(12] Figures 3A, 3B and 3C are Fourier Transform IR spectra of the three formulations for which the UV spectra are given in Figures 2A, 2B and 2C.
 Figure 4 shows the corresponding N Is spectra for the same three formulations.
 Figure 5 shows a high magnification transmission electron micrograph of Nylon 6 with 6.62 vol% of boehmite.
 Figures 6A and 6B show bar graphs for different physical properties relating to nylon 6 alone, with 3.15vol% of conventional boehmite, and with 3.15vol% of the needle-shaped boehmite of the invention.
 Figure 7 shows a high magnification transrriission electron micrograph of a thermoplastic polyurethane (Isoplast 301 sold by Dow Chemical Company), with 1.86 vol% of boehmite.
 Figure 8 is a bar graph showing the effect of amino-silane additives in improving the storage modulus of an epoxy resin having 5vol% of needle-shaped boehmite particles dispersed therein.
 The present invention provides boehmite particles comprising needle-shaped, (or anisotropic), crystals in which the longest dimension is at least 50 nanometers and preferably from 50 to 2000, and more preferably from 100 to 1000, nanometers; and the dimensions perpendicular to the length are essentially the same and are each less than 50 nanometers; and the aspect ratio, defined as the ratio of the longest dimension to the next largest dimension perpendicular to the length, is at least 3: 1, and preferably at least 6:1. These particles will henceforth be described as "needle-shaped" in this description for the sake of clarity.
 Unexpectedly the hydrothermal conditions combined with the relatively low seeding level and the acidic pH of the mixture, resulted in preferential growth of the boehmite
along one axis such that, the longer the hydrothermal treatment continued, the longer were the needle-shaped boehmite particles that were produced. Remarkably these needle-shaped boehmite particles require no surface treatment to be individually and uniformly dispersed, that is to say to give an essentially uniform distribution within the polymer substantially without forming aggregates, by conventional compounding processes. This uniform and individual dispersion quality is hereinafter called "nano-dispersibility".
 The needle-shaped particles according to the invention have a surface area, as measured by the BET technique, of at least 75m^/g, and preferably from 100 to 300mVg.
 The invention also includes polymers modified by the incorporation of from 0.5 to 20%, and preferably from 2 to 10%, by volume (based on the combined volume of polymer plus boehmite), of the needle-shaped boehmite particles of the invention. The polymers in which the needle-shaped boehmite particles can be dispersed include for example polyamides, (including for example nylon 6 and nylon 12), thermoplastic polyurethanes, polyalkylene-glycols, ethylene/vinyl alcohol polymers, epoxy resins, acrylate based resins and the like. More generally the polymers are preferably thermoplastic polymers because this takes advantage of the very good dispersibility used in conventional polymer compounding technology using high intensity mixers, extruders and the like. It also recognizes that the use of fillers in the modification of physical properties of a polymer is most frequently an objective in the field of thermoplastic polymers. The products of this invention have the unique property (probably a function of their needle shapes) such that, upon extrusion, the boehmite particles tend to become aligned such that a polymer reinforced by such needle-shaped particles will have considerably enhanced physical properties, such as flex strength, in the direction of extrusion.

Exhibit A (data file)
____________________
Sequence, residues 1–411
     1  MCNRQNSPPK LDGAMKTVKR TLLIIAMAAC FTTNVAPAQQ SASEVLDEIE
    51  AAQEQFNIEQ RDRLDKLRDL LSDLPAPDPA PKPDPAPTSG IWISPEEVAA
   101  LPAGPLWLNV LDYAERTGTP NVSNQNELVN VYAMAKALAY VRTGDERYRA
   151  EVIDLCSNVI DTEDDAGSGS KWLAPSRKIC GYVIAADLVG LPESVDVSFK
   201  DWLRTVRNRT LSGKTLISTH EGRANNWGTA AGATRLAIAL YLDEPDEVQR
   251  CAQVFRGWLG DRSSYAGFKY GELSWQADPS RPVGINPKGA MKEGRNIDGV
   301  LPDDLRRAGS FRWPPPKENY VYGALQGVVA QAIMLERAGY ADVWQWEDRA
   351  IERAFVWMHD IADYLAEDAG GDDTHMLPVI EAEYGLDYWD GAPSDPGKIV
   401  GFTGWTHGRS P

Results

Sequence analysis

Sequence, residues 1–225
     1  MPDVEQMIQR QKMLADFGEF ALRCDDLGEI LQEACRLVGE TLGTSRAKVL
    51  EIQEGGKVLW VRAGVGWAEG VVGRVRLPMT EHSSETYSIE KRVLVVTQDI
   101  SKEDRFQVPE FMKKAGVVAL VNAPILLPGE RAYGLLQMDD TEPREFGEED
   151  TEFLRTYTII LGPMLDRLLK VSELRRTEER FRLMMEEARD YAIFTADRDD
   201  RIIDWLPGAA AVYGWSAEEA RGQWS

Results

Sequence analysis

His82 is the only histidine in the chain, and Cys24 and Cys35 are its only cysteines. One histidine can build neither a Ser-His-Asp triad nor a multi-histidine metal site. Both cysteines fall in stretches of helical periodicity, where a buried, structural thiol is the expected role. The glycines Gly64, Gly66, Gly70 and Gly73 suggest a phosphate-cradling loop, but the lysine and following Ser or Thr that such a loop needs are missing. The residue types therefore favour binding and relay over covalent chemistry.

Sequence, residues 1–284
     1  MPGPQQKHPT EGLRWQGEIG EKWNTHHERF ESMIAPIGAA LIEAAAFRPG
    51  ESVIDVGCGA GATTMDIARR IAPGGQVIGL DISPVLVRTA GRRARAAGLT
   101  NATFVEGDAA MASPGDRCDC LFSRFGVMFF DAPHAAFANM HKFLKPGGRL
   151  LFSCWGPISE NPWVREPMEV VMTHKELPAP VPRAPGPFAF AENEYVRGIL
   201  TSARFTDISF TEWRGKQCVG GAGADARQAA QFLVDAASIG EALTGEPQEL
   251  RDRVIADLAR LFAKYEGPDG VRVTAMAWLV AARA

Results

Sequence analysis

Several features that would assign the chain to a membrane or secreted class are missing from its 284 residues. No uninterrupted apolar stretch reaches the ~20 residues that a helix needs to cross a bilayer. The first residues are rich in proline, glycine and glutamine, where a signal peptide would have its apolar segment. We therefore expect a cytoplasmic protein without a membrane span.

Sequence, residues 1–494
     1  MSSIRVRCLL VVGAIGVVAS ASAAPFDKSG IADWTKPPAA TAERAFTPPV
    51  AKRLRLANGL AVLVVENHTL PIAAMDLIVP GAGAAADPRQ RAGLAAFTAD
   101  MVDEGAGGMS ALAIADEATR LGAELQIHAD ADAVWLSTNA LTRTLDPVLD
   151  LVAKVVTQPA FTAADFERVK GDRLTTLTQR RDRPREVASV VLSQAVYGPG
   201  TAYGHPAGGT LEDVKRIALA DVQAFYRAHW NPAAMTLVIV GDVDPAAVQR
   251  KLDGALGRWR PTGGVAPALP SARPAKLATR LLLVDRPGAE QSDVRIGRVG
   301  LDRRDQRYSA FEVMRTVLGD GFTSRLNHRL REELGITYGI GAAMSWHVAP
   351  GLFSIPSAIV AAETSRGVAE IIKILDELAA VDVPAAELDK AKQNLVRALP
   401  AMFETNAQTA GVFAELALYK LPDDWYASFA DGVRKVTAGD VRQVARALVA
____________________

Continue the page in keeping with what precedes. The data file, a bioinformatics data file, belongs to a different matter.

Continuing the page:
It is believed that this unique dispersibility property of the needle-shaped boehmite particles derives from their ability to form hydrogen bonds with polar groups on the polymer chains which favors the mono-dispersed state. The needle-shaped boehmite particles can also be dispersed in other polymers which are essentially non-polar with the addition of conventional dispersing agents such as the amino-silanes.
 Because thermosetting resins such as phenolic and acrylate-based resins are also polar in character, it is believed that the needle-shaped boehmite particles can be fully dispersed to the individual particle level in such polymers, if the incorporation is accomplished before the cross-linking stage is significantly advanced for example with the ingredients that form the polymer or at the B-Stage of a condensation resin such as a phenolic resin.